Mark Charig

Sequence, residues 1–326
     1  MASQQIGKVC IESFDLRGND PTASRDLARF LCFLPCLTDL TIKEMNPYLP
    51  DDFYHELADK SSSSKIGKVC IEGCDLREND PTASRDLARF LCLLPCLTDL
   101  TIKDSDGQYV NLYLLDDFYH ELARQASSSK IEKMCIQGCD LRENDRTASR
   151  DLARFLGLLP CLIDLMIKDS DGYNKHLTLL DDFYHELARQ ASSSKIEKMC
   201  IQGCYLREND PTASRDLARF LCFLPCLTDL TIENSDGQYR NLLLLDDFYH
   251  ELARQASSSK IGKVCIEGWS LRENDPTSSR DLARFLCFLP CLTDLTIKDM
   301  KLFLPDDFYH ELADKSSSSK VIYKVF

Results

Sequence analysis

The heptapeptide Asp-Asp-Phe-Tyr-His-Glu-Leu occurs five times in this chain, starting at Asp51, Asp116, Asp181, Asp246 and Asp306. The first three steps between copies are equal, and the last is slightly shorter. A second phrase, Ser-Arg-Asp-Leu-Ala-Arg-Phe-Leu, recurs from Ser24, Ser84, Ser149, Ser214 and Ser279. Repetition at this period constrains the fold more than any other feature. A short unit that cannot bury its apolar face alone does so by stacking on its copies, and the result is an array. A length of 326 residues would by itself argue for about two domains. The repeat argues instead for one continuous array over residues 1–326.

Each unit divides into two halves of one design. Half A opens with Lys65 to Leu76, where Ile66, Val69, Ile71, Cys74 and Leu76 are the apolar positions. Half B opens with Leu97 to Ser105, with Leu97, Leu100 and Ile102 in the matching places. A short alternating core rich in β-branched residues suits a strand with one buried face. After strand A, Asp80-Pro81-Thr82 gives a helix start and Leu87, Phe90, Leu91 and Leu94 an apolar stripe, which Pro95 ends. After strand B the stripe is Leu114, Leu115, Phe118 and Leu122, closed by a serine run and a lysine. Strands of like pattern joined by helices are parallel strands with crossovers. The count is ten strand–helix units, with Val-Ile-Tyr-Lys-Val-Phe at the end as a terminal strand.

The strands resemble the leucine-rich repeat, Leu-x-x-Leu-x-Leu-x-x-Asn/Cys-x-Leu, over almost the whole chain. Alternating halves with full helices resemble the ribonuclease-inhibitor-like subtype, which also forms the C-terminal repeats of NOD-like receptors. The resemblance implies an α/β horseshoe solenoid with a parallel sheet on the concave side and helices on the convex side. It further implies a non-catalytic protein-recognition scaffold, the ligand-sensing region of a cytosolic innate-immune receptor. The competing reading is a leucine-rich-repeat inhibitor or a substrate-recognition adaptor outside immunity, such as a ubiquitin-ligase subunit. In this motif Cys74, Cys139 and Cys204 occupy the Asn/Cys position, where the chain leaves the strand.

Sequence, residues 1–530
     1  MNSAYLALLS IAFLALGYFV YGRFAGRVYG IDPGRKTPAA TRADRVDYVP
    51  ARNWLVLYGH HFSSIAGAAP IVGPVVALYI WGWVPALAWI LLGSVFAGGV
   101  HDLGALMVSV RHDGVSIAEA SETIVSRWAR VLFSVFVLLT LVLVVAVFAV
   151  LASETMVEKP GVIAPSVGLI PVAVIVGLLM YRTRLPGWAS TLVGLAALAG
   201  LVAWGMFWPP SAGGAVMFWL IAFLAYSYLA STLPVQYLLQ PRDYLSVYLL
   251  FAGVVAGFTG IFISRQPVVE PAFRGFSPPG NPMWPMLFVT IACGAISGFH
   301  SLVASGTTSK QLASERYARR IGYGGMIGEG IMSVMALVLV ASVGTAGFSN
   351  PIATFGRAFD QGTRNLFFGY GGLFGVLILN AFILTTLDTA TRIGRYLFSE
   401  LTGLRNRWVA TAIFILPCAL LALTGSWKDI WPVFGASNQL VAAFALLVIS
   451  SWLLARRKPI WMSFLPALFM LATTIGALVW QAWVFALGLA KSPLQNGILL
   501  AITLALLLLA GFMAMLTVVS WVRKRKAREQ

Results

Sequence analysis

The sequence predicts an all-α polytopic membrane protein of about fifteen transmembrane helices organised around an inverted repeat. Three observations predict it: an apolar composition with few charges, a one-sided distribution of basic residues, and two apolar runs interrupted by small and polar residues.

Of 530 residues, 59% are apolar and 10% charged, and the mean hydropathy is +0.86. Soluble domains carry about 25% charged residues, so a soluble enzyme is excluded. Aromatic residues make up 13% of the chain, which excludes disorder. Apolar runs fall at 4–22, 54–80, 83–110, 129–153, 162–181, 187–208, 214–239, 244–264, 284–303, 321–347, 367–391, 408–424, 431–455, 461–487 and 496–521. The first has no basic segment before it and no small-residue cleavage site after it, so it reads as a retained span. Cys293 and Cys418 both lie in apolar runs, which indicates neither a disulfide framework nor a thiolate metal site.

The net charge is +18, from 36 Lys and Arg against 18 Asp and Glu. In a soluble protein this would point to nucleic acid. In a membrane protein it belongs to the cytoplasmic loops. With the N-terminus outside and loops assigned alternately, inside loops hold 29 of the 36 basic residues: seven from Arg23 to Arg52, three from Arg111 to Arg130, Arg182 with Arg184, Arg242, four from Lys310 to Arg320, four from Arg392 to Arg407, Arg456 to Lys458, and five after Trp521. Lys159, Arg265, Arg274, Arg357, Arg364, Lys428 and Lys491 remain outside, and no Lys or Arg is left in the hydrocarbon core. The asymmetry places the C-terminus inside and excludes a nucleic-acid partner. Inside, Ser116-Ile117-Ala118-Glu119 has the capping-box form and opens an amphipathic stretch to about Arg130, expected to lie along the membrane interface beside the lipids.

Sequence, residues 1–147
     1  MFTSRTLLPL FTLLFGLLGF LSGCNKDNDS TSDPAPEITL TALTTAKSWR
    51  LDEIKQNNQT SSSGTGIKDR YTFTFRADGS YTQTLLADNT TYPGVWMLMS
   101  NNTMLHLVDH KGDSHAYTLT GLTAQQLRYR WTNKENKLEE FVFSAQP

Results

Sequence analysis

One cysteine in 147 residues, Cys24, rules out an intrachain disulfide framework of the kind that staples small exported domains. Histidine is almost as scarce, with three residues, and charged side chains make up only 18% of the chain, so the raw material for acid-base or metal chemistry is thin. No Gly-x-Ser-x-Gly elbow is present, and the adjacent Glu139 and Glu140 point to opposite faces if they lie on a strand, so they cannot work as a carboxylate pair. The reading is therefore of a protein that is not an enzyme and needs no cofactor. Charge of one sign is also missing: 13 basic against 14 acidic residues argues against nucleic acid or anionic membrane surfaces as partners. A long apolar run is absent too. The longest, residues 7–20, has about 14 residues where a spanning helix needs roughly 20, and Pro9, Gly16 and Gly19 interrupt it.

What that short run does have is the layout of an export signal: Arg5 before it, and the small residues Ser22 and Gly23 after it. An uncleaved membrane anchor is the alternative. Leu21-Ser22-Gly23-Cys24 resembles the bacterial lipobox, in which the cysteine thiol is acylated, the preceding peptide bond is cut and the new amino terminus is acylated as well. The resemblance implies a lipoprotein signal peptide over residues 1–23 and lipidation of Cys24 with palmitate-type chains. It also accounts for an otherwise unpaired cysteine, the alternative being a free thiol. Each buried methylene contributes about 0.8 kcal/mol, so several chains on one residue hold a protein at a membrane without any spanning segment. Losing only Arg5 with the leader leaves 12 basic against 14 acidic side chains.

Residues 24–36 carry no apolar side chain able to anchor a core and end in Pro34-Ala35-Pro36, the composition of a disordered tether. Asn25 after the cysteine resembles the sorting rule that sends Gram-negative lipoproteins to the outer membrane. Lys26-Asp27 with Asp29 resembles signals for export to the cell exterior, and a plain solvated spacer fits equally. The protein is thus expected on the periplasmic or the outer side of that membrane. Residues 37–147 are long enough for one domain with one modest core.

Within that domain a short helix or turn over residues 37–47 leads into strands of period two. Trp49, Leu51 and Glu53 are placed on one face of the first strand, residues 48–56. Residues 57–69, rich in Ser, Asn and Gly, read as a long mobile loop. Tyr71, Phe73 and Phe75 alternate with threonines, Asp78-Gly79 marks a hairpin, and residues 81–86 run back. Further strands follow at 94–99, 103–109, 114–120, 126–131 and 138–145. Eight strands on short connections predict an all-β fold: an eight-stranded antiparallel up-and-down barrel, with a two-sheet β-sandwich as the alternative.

Mark Charig is a major trumpet player on the British and European jazz scenes over the past three decades. His main claim to fame in Canterbury terms is his brief stint in the legendary Soft Machine augmented line-up in late 1969 and subsequent appearances on their landmark album, Fourth». This association was made possible by his participation in Keith Tippett’s late 60s sextet. It is here that Charig achieved his greatest musical accomplishments, along with Tippett, Elton Dean, and Nick Evans. Charig began his musical career as a blues musician. He was on the 1966 Stevie Wonder tour, which was one of his first big gigs. He met Keith Tippett at the 1968 Barry Summer School, along with fellow students Nick Evans and Elton Dean. They formed the Keith Tippett Sextet’s core and would reunite in many Tippett-Dean ensembles and groups over the years. They performed regularly with different rhythm sections until 1970 when the group was absorbed into Centipede. Two acclaimed albums were recorded – You are Here… The group, which included various rhythm sections, gigged regularly until 1970, when it was absorbed into the Centipede. They recorded two acclaimed albums – You Are Here…u003e and Dedicated to You, But You Weren’t Listening». Both were released in 1970. The sextet was resurrected on rare occasions such as a gig at 100 Club in December 1976 (with rhythm section Harry Miller, Louis Moholo, and the rhythm section Harry Miller). However, Evans, Tippett and Charig all participated in the expanded Just Us which became Keith Tippett’s Ark and Elton Dean’s Ninesense. The brilliant brass section of Charig, Evans, and Dean was also part of the Soft Machine experimental septet, which only existed for a few weeks between October 1969 and December 1969. Elton Dean was the only member of the group that remained, while Charig appeared on the Fourth» record. Charig was an integral part of Chris McGregor’s Brotherhood Of Breath, where he played from 1970 to 1977. He also played in the London jazz composers’ orchestra since its inception. His work base was now in the Continent, specifically Germany. He collaborated with Fred Van Hove on MLA (with Radu and Paul Rutherford), ML DD 4, (with Gunter Sommer, Phil Wachsmann) and Alexander von Schlippenbach in the Globe Unity Orchestra. He also participated in Didier Levallet’s Scoop group, French bass player. from

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